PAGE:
In March 2007, 10 year old Johnny S, a third grader in a suburban public school, contracted a severe stomach virus. While he recovered physically from his week-long ordeal, he struggled afterward. His family and doctors didn’t think much of it at the time, but after his illness, Johnny experienced high levels of anxiety and intense phobias about germs. His symptoms quickly worsened until he refused to leave the house or go to school. He became so afraid that his family couldn’t go out to eat, visit friends or go to the movies.
A behavioral medicine specialist diagnosed Johnny with a condition called PANDAS (Pediatric Autoimmune Neuropsychiatric Disorder Associated with Streptococcus) which causes significant behavioral and psychiatric problems. In addition to PANDAS, Johnny was also diagnosed with obsessive compulsive disorder, separation anxiety and Tourette's syndrome—all of which had been mild and manageable before his stomach virus. He went through multiple medication trials but nothing seemed to relieve his symptoms. Because he missed so much school, he'd also fallen significantly behind academically.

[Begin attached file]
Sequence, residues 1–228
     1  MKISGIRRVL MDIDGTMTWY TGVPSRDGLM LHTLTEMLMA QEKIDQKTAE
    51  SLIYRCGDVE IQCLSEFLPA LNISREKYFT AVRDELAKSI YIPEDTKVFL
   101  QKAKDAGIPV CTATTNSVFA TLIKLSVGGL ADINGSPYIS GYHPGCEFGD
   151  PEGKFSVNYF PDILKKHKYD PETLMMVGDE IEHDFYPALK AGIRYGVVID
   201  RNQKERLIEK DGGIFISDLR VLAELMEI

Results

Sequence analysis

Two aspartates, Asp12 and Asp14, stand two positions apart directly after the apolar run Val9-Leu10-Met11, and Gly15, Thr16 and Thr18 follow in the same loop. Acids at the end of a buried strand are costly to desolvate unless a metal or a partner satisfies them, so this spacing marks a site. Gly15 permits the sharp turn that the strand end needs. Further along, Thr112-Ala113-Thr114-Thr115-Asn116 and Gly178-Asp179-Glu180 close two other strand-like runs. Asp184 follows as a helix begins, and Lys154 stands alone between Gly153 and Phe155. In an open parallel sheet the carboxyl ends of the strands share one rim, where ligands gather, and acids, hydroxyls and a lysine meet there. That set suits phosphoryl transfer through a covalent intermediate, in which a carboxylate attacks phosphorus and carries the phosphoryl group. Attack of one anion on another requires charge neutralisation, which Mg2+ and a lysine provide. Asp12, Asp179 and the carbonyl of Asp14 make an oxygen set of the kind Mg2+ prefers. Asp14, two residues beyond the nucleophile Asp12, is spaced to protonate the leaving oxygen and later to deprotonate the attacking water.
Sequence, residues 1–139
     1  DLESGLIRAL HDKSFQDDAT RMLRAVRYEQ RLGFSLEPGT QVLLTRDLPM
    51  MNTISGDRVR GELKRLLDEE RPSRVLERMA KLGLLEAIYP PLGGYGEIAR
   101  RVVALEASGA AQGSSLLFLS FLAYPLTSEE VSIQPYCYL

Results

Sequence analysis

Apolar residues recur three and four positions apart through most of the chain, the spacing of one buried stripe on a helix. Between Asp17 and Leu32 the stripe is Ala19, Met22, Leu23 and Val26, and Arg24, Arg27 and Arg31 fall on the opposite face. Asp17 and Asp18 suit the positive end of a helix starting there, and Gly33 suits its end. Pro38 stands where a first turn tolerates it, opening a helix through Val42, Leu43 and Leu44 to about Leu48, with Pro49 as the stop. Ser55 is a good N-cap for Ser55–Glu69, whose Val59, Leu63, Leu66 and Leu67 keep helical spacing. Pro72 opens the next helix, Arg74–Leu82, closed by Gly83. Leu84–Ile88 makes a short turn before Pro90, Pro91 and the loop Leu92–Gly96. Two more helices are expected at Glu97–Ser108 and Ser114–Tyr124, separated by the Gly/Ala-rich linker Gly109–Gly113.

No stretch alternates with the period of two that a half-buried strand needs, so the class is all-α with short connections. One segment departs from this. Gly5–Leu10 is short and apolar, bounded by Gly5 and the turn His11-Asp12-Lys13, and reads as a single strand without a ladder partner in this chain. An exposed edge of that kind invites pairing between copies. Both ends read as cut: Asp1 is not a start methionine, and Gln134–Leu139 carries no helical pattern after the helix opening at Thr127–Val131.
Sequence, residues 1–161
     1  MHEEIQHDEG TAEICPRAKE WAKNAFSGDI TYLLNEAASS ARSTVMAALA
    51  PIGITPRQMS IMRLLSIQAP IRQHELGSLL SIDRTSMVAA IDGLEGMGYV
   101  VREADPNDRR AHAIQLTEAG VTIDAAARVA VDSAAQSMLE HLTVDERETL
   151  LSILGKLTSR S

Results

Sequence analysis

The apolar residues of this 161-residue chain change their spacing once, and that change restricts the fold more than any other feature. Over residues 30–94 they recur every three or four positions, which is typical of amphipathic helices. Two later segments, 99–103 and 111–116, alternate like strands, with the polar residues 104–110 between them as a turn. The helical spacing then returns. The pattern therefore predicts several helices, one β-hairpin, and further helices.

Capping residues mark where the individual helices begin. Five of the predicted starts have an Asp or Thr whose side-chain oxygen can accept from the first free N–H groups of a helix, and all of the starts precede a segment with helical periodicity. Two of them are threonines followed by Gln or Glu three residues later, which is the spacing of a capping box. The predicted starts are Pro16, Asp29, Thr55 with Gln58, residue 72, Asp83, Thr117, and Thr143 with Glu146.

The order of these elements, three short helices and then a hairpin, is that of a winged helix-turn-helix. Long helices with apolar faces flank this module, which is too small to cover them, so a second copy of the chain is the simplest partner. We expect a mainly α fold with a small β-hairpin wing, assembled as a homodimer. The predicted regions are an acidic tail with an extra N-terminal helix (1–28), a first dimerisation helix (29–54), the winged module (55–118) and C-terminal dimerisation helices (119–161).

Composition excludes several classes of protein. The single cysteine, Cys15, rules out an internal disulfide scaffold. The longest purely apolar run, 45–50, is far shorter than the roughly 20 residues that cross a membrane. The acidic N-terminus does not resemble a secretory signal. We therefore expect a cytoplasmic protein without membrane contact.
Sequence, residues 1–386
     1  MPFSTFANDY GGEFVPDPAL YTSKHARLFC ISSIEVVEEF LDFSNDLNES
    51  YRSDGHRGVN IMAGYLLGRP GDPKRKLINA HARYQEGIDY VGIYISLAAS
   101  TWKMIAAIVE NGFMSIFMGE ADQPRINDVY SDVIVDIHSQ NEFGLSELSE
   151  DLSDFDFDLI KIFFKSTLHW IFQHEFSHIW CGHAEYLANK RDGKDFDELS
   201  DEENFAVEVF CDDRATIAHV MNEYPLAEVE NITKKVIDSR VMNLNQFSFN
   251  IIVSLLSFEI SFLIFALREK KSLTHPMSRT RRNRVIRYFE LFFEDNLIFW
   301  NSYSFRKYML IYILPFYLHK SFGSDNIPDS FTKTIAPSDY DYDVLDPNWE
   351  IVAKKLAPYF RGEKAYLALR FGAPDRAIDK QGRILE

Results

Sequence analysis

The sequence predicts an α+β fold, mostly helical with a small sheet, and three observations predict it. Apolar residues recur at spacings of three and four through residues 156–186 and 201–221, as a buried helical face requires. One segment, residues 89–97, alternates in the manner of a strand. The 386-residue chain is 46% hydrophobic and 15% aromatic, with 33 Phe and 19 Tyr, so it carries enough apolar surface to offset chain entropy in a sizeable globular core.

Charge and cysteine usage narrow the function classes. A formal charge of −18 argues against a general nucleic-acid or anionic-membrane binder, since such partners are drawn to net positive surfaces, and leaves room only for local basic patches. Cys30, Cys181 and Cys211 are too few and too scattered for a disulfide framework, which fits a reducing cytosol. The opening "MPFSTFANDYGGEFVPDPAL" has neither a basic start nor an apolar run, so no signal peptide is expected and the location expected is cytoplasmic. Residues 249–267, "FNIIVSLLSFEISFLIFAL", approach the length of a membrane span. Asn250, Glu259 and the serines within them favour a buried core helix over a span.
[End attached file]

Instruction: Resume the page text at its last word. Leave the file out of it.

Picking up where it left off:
Johnny's public school system referred the family to the STEP program at Dearborn Academy. Elizabeth Goldmann, one of the STEP clinicians, visited the family at their home. After multiple visits, Johnny became more comfortable with Elizabeth. She finally coaxed Johnny to go to school on his own. Before long, Johnny was spending the entire day in the STEP program, making new friends and enjoying himself.
Johnny spent the following fourth grade year at Dearborn Academy as a student in the Elementary/ Middle program. With support from teachers and staff, he gained the confidence to overcome his anxieties and increase the amount of time he could spend in the classroom. For the first time in what seemed like years, Johnny began to go outside and play with friends—he even had them come to the house to visit. He began to catch up to grade level with his academic work, and his family slowly returned to normalcy.
By 2009, Johnny was ready to return to his public school for the fifth grade. He didn’t miss a single day of school for the entire year. Today his anxieties are nearly gone, and he remains successfully enrolled in his home school district.